Cometh the hour;- the Regulator gets its man


 In a  recent blog, I bewailed lack of leadership in the Pension Regulator’s Defined Contribution team.

And it was a more general lament for the paucity of knowledge and vision throughout UK financial regulation – the FSA have offered little leadership either.

I argued that unless someone of substance was found quickly, the Pension Regulator would be letting the DWP and in particular Steve Webb down , as they looked to build on the great start to auto-enrolment.

I’m really pleased that they have chosen as their new Executive Director for DC – Andrew Warwick-Thompson. Andrew is precisely the person who the Regulator should have appointed.  He really knows his stuff, is strong and usually right.

Andrew was one of a group of exceptional consultants at Hewitt around the turn of the last century (fin de siecle pension gurus?). He came through the ranks alongside Steve Mingle, Andy Cox, Kevin Wesbroom, Ann Freeman and Raj Mody. He married Gillian, one of the best DC investment consultants Bacon and Woodrow I have known.

Andrew qualified as a lawyer in the late eighties and his forte has always been governance. He was one of the first to see how insurance platforms could be used to reduce fund management fees, reduce risks and deliver open-architecture to occupational pension schemes.

One story which I heard from him and from others concerns the Equitable Life. It demonstrates what kind of a man he is and why he, above all others, is right for the job.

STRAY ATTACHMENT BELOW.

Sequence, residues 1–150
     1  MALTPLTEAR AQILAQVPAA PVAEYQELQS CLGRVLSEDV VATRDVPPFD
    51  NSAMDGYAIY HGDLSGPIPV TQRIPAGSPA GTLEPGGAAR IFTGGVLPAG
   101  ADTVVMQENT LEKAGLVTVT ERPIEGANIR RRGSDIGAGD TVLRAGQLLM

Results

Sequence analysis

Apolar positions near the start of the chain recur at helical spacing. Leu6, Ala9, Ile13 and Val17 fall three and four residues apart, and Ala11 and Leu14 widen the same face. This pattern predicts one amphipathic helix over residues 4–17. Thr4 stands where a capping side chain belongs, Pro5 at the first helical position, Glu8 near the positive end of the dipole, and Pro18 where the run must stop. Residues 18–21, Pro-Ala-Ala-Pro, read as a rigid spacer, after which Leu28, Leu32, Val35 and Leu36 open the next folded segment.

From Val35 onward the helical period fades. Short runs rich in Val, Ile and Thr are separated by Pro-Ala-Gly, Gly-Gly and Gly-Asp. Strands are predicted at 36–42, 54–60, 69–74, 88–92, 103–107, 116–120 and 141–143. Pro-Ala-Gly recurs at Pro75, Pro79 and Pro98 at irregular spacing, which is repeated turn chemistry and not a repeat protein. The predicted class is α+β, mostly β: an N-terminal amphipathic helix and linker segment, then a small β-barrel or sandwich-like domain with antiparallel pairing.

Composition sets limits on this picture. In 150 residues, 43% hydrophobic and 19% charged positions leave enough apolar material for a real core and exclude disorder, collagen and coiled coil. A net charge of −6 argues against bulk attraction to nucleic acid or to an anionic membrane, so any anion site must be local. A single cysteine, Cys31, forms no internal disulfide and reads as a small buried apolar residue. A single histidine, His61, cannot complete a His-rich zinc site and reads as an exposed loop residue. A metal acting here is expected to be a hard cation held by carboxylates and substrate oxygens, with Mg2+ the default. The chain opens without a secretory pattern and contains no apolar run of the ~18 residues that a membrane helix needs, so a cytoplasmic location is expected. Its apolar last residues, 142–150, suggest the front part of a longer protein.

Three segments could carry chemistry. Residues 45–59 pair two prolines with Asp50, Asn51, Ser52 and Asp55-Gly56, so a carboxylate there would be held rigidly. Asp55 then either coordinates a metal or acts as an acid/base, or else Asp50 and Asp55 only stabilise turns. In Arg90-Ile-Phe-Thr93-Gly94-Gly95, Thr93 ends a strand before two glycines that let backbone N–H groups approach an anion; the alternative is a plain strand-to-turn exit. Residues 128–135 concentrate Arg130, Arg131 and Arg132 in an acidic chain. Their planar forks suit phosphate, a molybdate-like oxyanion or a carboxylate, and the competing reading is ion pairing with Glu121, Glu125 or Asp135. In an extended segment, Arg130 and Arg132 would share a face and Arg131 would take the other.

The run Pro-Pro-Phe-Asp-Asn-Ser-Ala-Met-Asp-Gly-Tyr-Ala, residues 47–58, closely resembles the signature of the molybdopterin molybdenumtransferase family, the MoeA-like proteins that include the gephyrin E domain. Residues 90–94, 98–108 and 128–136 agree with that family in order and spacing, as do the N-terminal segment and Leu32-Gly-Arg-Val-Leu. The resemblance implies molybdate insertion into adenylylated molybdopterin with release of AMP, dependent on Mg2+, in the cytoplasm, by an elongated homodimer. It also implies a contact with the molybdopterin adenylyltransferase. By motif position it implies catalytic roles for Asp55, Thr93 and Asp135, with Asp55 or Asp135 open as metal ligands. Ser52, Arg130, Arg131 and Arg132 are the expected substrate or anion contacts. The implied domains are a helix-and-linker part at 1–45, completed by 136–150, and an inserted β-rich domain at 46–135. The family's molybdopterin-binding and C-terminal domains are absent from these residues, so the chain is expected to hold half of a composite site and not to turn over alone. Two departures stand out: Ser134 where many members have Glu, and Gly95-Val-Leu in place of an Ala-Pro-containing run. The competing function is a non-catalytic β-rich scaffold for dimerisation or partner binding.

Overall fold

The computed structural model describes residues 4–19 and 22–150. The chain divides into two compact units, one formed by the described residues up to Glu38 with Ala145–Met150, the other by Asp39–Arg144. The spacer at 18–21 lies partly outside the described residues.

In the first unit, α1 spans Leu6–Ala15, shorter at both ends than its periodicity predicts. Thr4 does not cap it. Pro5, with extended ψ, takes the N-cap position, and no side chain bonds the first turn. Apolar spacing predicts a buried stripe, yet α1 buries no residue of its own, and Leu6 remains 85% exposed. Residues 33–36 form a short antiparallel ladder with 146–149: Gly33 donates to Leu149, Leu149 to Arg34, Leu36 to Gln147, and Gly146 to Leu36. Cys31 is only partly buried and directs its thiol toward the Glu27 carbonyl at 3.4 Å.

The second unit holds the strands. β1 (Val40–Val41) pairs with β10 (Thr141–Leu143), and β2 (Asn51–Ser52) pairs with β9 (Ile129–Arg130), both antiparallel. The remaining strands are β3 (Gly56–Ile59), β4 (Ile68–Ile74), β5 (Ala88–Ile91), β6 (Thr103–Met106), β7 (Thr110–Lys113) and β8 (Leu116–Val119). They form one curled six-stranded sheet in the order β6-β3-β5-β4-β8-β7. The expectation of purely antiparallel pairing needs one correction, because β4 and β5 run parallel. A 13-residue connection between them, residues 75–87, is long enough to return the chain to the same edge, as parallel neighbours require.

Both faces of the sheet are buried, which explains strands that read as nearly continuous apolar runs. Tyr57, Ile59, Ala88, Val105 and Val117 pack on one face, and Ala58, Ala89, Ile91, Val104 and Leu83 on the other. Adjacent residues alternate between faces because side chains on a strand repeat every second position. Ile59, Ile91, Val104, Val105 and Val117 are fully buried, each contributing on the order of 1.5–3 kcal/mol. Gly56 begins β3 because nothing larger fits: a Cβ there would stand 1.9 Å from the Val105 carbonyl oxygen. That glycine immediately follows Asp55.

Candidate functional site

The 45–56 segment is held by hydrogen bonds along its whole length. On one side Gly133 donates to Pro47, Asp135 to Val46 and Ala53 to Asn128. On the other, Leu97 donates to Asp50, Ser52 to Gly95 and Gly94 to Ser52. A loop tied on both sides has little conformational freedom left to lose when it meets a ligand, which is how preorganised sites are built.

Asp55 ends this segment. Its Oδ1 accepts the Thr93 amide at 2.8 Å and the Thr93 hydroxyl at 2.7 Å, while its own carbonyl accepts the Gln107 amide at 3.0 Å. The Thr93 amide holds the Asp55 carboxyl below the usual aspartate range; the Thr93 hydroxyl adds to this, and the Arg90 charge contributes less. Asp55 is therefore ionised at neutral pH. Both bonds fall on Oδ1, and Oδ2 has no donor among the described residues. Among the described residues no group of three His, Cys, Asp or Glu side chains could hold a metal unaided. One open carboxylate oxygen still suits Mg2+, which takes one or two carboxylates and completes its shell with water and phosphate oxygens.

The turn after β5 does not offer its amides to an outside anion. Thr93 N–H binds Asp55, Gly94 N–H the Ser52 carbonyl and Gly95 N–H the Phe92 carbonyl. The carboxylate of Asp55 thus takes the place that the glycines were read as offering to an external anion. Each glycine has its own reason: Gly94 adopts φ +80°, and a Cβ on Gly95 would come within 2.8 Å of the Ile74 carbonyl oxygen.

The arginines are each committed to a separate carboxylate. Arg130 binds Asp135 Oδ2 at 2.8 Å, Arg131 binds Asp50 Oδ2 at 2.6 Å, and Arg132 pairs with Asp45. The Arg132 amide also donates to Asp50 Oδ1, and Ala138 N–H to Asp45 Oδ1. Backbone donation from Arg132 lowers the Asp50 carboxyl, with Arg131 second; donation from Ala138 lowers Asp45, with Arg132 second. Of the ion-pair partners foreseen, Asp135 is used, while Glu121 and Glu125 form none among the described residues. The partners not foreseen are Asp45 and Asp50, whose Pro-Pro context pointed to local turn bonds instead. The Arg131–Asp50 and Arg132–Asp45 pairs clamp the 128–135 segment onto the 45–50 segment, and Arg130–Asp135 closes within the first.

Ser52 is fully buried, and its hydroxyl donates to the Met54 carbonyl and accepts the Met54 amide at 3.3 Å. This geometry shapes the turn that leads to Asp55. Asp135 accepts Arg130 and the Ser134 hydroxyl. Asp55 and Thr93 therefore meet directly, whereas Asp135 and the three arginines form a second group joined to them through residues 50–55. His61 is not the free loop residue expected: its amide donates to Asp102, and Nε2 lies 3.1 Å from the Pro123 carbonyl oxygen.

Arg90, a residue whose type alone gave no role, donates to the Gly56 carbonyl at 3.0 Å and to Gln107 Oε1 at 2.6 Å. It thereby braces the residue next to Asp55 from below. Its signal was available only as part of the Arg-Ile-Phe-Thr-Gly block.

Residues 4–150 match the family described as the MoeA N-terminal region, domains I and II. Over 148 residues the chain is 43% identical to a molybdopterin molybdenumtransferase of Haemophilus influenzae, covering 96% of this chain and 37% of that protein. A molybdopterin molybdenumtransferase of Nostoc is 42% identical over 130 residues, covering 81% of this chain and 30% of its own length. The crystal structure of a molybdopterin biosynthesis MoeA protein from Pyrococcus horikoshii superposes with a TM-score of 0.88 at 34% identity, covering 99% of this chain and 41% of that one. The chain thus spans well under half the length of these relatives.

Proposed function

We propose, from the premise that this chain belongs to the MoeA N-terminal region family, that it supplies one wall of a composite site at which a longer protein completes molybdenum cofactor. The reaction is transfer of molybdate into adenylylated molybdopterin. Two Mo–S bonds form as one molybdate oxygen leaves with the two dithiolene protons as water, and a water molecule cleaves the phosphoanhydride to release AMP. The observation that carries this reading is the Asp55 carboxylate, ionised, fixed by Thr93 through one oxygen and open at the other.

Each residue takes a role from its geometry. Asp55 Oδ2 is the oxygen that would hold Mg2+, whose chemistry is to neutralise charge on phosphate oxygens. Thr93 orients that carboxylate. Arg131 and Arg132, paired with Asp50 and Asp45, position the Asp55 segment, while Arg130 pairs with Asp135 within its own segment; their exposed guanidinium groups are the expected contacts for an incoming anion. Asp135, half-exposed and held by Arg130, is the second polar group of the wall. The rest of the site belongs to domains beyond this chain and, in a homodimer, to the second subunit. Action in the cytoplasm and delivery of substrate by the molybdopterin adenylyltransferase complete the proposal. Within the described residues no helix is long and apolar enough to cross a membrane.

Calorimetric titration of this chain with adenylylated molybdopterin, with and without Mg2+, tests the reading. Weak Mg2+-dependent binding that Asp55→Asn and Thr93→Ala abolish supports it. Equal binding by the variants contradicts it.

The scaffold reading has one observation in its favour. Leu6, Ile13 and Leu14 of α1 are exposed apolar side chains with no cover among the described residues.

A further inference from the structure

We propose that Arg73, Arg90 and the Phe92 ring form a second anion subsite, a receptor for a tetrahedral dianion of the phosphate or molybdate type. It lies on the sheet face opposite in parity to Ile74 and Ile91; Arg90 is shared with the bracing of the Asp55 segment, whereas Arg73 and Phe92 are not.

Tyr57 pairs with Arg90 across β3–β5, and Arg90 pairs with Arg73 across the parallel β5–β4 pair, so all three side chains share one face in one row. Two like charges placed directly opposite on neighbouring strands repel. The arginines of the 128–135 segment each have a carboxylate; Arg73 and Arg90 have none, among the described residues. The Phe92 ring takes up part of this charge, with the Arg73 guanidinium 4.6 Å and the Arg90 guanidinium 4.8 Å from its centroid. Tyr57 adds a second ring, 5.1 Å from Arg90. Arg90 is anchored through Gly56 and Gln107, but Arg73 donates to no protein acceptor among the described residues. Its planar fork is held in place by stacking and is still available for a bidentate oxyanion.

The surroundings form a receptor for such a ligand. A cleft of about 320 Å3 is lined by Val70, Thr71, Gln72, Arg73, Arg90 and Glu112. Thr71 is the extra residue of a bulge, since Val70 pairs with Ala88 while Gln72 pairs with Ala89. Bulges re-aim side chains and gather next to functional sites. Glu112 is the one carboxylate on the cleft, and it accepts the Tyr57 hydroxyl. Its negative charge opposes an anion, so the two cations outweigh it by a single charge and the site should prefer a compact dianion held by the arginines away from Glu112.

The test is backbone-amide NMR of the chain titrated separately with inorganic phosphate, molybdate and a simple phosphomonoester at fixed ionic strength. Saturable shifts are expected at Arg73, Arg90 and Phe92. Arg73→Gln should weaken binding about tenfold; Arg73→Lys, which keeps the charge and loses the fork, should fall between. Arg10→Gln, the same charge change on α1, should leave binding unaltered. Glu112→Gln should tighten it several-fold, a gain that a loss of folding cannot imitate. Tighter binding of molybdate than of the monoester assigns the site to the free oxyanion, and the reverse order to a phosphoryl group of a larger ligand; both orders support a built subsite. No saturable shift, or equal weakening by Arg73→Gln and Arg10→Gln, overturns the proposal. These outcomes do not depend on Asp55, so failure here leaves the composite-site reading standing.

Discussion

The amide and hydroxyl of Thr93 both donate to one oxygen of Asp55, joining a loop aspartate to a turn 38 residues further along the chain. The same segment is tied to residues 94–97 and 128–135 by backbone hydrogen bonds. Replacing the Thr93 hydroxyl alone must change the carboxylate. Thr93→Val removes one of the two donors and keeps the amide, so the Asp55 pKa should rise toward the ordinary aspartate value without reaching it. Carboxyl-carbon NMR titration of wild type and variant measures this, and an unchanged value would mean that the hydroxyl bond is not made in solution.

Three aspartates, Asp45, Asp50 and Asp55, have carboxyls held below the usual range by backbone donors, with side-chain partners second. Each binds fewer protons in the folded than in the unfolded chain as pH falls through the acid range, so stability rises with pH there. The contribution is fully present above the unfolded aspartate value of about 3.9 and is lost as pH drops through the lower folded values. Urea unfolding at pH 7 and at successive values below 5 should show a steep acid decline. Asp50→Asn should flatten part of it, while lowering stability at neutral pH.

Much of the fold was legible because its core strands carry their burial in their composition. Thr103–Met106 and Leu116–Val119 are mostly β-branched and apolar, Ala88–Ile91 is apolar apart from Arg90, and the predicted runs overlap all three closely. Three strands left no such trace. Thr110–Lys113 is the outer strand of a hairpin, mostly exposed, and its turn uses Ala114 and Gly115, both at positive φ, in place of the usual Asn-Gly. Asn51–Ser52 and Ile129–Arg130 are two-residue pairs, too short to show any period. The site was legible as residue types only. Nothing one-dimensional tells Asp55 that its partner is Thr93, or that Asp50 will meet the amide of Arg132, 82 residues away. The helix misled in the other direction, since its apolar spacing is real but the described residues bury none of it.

Andrew had discovered well in advance of the eventual House of Lords ruling , that the guarantees offered by Equitable Life were extensive enough that , were interest and annuity rates to fall, they could make the Society insolvent.

His firm had advised many of its clients to invest in Equitable Life and Andrew was determined to bring the threat to policyholders and to his own firm’s reputation to the attention of his colleagues. He wrote of the matter to his colleagues in the company newsletter.

News of this article was passed to the Society’s Chief Actuary, Roy Ransome, principal architect of what proved to be Equitable’s demise. Instead of answering the issues that Andrew raised, Ransome slapped a personal writ on Andrew. Andrew, for a short time suffered a lot of reputational damage at his firm as a result.

Even today, the bravery of Andrew’s stance and indeed right he was, has yet to be fully acknowledged.

Amidst all the waffle of the press release, Bill Galvin hits the button when he links Andrew’s appointment to the introduction of auto-enrolment. There is much to do upgrading existing trust and contract based workplace savings plans and Andrew has the insight and strength of character to cut to the chase (as he did with the Equitable).

If this finds its way onto your desktop Andrew, well done! Here is my  agenda for you

  1. Establish what makes for a good workplace pension saving  plan
  2. Help companies with finding such a plan
  3. Do all that you can to help companies integrate their plan as “business as usual”.

Regular readers of this blog will know those are the issues that bother me most and those of First Actuarial and the recently incorporated Pension PlayPen.

The group of consultants Andrew was a part of ten or fifteen years ago have continued to influence the way pensions in this company are delivered. It is good to see Andrew being given such a crucial role at such a crucial time and we should do all we can to ensure that his work is effective and returns pensions to the respect in the public eye they once enjoyed.







About henry tapper

Founder of the Pension PlayPen,, partner of Stella, father of Olly . I am the Pension Plowman
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